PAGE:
A path of independent inquiry
When she selected Michael Thompson to lead the investigation of Clayton Lockett’s botched execution, Gov. Mary Fallin was right. Her secretary of safety and security should be deeply involved in an independent investigation. Gov. Fallin just has his role wrong. Instead of asking the questions, he should be answering them. It’s common sense. You don’t ask Kevin Durant to figure out who fouled who. And you don’t ask someone to uncover the truth about a series of events shrouded in secrecy if that person is part of the system that created and maintains that secrecy.
Oklahoma higher education leaders hope to avoid budget cut
As lawmakers continue to craft the state budget this week, higher education leaders say retaining the current level of funding is critical to the state’s college completion goals and economic growth. Officials launched the Complete College America initiative in 2011, with Gov. Mary Fallin announcing the goal to boost the number of college degrees earned per year by 67 percent over 12 years. That would require adding 1,700 degrees conferred each year through 2023. “We’ve had a really good plan with the State Regents working to try to increase the number of college graduates,” Sen. Jim Halligan, R-Stillwater, said Wednesday. That effort is important to providing a good supply of people with various degrees needed for businesses to expand in Oklahoma, Halligan said.
Tulsa Public Schools would be hit hard by last-minute funding cuts
Tulsa Public Schools would be hit hard by a last-minute cut to the school activities fund proposed by State Superintendent Janet Barresi. The Oklahoma State Department of Education announced late Wednesday that Barresi has directed $6.54 million budgeted for a variety of school activities to instead be used to cover a deficit in health insurance premiums for school employees. TPS Chief Financial Officer Trish Williams said Thursday that TPS alone would lose more than $477,000 it was counting on to cover costs incurred during the school year that ends in two weeks. The school district said it would lose $394,236 for alternative education programs, $21,000 for the Oklahoma Parents as Teachers parent education program and $61,896 for professional development. “This is premature,” Williams said. “We would urge the state superintendent to go back to the Legislature to push for the supplemental appropriation. What she has proposed is not a solution for schools. It is the responsibility of the Legislature to appropriate the money to pay FBA costs and the role of the state Department of Education to allocate those dollars.”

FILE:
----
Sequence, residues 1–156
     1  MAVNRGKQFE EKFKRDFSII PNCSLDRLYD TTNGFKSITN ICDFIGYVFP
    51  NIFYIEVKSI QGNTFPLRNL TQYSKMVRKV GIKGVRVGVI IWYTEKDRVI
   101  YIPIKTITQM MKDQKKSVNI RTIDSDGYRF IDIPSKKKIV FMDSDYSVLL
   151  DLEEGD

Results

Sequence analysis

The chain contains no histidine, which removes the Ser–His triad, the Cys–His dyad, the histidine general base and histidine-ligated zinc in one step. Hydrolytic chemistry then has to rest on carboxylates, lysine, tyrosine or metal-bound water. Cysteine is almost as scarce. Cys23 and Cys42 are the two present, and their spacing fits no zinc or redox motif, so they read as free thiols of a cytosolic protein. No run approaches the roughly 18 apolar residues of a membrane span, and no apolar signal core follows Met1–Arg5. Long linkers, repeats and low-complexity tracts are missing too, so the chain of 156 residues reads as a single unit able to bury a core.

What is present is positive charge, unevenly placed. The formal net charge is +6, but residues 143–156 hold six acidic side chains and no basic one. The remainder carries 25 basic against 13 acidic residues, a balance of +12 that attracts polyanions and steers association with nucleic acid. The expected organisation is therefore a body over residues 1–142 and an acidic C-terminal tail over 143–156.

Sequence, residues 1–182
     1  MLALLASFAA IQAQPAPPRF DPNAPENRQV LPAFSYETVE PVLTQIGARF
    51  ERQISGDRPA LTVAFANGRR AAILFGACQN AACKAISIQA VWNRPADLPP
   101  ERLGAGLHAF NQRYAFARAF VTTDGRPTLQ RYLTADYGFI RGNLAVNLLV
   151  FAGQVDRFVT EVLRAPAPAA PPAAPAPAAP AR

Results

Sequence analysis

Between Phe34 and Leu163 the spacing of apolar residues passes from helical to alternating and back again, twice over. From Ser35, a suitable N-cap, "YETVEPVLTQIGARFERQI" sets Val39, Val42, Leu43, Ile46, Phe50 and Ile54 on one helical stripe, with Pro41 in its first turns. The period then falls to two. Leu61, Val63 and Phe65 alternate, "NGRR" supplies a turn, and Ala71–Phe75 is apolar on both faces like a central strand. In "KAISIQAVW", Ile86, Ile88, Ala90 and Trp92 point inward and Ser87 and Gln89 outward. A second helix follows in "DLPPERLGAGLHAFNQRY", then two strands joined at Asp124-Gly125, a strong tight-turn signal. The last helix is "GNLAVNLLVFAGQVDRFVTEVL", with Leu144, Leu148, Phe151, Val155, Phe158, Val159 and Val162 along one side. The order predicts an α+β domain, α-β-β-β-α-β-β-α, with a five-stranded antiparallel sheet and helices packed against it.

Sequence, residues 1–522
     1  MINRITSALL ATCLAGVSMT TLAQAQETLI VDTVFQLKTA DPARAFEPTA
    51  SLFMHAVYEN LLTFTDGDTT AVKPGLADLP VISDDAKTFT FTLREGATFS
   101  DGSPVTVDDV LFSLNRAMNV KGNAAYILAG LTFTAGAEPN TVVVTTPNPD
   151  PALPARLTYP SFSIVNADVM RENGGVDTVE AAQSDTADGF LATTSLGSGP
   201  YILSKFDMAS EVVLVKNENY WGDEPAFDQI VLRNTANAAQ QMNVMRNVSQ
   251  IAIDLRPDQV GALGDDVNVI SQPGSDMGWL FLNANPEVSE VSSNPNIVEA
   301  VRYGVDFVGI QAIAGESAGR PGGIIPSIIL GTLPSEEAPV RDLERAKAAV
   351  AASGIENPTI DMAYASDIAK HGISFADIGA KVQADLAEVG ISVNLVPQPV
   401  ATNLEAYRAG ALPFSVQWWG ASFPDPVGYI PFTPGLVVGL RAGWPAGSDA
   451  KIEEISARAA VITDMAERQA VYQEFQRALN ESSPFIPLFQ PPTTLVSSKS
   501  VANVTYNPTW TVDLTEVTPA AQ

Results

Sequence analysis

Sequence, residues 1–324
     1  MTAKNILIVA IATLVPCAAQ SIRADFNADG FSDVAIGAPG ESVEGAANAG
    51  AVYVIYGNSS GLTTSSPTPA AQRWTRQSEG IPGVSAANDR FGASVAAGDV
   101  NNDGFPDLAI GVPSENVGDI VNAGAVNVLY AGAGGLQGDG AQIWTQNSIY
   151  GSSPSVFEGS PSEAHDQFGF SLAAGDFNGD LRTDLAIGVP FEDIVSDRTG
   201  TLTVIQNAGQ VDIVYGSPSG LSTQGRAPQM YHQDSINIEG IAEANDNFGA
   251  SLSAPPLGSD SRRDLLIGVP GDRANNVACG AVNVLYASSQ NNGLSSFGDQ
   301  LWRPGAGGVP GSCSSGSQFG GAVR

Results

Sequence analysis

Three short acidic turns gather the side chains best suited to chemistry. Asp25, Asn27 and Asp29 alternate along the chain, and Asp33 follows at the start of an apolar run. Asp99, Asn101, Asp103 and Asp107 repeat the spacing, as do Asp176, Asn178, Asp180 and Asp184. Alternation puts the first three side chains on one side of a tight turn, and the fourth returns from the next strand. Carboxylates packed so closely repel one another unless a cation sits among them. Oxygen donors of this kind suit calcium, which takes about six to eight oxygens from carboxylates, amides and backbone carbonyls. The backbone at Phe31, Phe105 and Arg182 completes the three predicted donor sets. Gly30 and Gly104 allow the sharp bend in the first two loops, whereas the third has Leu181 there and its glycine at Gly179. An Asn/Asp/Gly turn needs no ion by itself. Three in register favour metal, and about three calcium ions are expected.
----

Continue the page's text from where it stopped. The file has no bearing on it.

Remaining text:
Janet Barresi campaign asks schools for correspondence with rival candidate Joy Hofmeister
Several Tulsa-area school districts have received Open Records requests from state Superintendent Janet Barresi’s re-election campaign for any communications between employees and Barresi’s Republican rival Joy Hofmeister. “I’m tempted to ignore it like they’ve ignored all my correspondence the last four years,” Sand Springs Superintendent Lloyd Snow said. “But we’ll reply. We always do.” Tulsa Public Schools, along with Jenks, Sand Springs, Sapulpa and Union, received a request dated May 8. The campaign asks that districts provide the records by May 23. The request specifies any communication — written or electronic — that contains the name “Joy Hofmeister” between March 1 and April 1, school officials say.
Oklahoma City Schools Launch Plan To Improve Third Grade Reading Skills
The Oklahoma City School District is launching new programs to help third-grade students after state assessments showed low scores in reading. Test scores released last week found that 27 percent of Oklahoma City public school third-graders scored unsatisfactory on the state reading test. Students could be held back unless they receive an exemption or get higher scores when they retake the tests. Interim Superintendent Dave Lopez says up to 259 students could qualify for exemptions — many of whom who are special education students or who have English as a second language.